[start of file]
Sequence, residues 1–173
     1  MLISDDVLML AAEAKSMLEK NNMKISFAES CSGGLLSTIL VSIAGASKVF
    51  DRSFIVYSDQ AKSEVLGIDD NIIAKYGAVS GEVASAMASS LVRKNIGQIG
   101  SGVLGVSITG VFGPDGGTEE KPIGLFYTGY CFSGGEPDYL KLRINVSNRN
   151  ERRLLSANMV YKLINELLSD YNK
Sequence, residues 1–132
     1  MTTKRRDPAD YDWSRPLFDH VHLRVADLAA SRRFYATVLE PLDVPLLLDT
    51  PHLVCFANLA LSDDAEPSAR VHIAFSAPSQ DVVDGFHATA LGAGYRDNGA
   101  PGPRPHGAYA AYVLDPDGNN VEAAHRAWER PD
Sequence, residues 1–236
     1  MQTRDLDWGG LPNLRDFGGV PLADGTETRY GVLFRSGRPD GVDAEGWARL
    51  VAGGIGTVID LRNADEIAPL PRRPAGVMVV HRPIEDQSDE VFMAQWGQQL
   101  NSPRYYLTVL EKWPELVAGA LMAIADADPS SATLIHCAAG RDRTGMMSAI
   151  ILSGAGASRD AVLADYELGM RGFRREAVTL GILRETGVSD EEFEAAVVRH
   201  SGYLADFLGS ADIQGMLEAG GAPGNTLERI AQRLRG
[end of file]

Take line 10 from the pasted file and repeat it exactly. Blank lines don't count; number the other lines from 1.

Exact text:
Sequence, residues 1–236